Hebrews 6:8 Parallel Verses [⇓ See commentary ⇓]

Hebrews 6:8, NIV: But land that produces thorns and thistles is worthless and is in danger of being cursed. In the end it will be burned.

Hebrews 6:8, ESV: But if it bears thorns and thistles, it is worthless and near to being cursed, and its end is to be burned.

Hebrews 6:8, KJV: But that which beareth thorns and briers is rejected, and is nigh unto cursing; whose end is to be burned.

Hebrews 6:8, NASB: but if it yields thorns and thistles, it is worthless and close to being cursed, and it ends up being burned.

Hebrews 6:8, NLT: But if a field bears thorns and thistles, it is useless. The farmer will soon condemn that field and burn it.

Hebrews 6:8, CSB: But if it produces thorns and thistles, it is worthless and about to be cursed, and at the end will be burned.

What does Hebrews 6:8 mean? [⇑ See verse text ⇑]

According to the early verses of chapter 6, Christians who wallow in a shallow, immature faith run the risk of "falling away." In context, this means the same thing it did for the nation of Israel in Numbers chapters 13 and 14. There, fear caused Israel to disobey God's command to enter the Promised Land. Rather than destroying them, God put Israel under harsh judgment: forty years of aimless wandering in the desert. Only after this was complete could they resume their progress into Canaan.

This history is used in Hebrews as a warning to saved Christians: those who allow doubt to produce disobedience don't just risk losing their rewards. They also put themselves in line for harsh, cleansing judgment from God. The metaphor of verses 7 and 8 completes a thought begun in verses 1 through 3, and expanded in verses 4 through 6. Those who "fall away," like Israel did, are like a field which receives rain, but only produces weeds. The farmer does not destroy the field, just as God does not damn the fallen believer (1 John 1:9; John 10:28–30). But the only remedy for a thorn-choked field is fire, to burn away the thorns and reset its progress.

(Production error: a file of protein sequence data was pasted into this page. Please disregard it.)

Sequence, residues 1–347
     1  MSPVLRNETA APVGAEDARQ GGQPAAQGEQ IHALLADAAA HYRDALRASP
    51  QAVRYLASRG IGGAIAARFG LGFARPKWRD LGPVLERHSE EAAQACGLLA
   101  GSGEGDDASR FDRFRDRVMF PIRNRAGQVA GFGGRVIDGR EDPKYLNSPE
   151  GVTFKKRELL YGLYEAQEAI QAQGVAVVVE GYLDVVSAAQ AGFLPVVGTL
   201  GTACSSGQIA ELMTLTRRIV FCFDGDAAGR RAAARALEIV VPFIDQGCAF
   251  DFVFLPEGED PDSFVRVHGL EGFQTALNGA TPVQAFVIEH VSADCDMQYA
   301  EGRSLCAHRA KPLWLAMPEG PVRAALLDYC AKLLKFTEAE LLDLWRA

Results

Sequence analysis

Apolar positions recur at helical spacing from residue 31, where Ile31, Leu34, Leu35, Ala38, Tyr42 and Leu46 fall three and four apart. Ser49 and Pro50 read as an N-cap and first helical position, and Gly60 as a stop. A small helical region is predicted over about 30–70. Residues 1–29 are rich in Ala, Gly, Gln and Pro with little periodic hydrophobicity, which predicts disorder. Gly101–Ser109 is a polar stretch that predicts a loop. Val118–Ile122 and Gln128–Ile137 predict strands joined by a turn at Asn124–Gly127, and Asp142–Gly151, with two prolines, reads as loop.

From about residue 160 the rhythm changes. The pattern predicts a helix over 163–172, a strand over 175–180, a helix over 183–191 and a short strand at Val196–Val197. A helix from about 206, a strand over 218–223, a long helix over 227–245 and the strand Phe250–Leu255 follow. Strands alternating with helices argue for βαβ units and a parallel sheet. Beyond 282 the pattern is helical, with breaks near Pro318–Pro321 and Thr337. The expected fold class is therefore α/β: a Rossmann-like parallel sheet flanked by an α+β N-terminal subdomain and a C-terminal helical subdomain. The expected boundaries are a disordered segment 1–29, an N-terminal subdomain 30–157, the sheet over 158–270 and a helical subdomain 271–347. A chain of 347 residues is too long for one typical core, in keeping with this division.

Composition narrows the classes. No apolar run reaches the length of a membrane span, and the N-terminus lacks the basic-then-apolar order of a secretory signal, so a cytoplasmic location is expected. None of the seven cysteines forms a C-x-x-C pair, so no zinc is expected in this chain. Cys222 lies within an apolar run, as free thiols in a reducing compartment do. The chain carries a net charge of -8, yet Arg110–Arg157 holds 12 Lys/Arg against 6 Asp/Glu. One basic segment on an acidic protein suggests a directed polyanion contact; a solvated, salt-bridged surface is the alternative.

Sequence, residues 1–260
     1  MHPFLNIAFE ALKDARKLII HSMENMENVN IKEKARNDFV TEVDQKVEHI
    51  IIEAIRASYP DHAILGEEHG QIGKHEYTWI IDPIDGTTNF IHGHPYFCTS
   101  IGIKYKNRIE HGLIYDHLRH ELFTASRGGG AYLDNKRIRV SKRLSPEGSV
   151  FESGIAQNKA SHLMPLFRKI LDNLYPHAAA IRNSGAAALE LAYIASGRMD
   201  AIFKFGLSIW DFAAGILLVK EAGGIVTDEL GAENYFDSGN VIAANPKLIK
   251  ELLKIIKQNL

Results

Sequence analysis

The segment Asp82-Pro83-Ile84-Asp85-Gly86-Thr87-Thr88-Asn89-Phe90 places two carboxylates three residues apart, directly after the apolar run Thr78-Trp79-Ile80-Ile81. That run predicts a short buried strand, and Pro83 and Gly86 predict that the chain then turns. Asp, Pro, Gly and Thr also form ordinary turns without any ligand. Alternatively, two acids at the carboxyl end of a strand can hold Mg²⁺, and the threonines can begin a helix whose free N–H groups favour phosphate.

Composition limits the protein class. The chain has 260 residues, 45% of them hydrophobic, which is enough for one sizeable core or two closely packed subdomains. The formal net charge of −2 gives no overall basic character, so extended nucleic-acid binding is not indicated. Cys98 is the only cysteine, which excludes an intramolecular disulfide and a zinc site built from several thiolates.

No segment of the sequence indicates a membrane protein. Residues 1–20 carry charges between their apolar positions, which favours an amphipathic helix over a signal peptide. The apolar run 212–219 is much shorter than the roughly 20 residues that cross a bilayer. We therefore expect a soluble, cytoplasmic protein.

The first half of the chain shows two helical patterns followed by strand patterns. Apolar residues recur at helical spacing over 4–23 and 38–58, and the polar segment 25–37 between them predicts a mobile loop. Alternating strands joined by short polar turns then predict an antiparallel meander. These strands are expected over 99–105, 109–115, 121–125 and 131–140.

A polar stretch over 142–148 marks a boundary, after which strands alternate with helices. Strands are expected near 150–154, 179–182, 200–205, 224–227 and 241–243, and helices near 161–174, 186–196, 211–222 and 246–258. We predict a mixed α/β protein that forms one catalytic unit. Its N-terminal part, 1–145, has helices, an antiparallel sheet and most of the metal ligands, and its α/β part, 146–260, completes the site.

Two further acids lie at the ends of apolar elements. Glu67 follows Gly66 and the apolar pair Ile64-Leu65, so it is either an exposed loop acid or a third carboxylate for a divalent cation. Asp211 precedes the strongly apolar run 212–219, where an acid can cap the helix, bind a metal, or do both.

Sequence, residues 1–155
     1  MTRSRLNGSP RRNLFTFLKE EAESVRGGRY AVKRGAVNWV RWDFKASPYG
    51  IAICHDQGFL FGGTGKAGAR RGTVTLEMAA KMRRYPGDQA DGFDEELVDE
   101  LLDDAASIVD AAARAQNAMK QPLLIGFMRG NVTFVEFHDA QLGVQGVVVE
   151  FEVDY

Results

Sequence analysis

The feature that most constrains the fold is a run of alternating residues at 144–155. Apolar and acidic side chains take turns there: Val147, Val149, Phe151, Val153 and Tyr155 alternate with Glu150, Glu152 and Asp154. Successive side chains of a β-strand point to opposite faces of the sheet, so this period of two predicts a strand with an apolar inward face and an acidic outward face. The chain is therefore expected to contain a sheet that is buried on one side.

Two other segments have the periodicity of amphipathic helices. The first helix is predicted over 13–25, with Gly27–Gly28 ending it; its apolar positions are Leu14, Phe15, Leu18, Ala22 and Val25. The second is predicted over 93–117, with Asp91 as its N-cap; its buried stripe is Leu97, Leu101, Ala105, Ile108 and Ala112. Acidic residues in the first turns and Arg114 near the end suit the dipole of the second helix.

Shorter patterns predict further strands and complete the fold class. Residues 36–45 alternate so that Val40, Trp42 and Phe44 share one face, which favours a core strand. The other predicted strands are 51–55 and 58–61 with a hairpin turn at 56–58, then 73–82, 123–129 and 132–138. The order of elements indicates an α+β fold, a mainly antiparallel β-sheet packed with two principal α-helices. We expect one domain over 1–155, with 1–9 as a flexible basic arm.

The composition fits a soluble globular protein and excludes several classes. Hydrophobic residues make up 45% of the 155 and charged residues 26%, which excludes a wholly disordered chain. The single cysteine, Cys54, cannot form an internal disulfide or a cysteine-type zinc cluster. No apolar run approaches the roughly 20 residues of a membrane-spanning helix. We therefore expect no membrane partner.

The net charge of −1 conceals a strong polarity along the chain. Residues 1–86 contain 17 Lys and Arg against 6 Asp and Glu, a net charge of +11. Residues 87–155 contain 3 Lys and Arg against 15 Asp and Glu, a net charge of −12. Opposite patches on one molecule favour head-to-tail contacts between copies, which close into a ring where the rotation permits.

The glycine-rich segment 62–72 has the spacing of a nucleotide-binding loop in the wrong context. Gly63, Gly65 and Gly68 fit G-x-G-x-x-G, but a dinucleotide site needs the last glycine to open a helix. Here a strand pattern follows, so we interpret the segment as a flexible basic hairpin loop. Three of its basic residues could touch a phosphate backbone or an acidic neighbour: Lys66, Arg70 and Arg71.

In the same way, God's fire and judgment on the fallen Christian does not mean a loss of salvation. Rather, it means experiencing pain and suffering, to prepare us to trust and obey. Those with a "shipwrecked faith" (1 Timothy 1:19–20) might well come back to full faith, after they have suffered. The warning of this passage is to avoid being in that state of "disqualification" (1 Corinthians 9:27).

This verse also helps to distinguish between fields which have always produced large amounts of crops, versus those who have yet to give a significant return. Both are still used by the farmer, and both still receive the rains from God. While the Bible makes it clear that saved Christians produce the "fruit of the Spirit" (Galatians 5:22–23), it does not claim that all Christians are equally productive.

In other words, saved believers all produce the same kind of spiritual fruit, but not the same quantity of spiritual fruit. Those who struggle in their spiritual walk are not necessarily showing signs of being lost. Rather, they might be experiencing a season of judgment preparing them for a more productive future. Where each person is, in terms of their own salvation, is always between them and God alone (1 Samuel 16:7). Human judgment is flawed, so we need to be careful how we use it.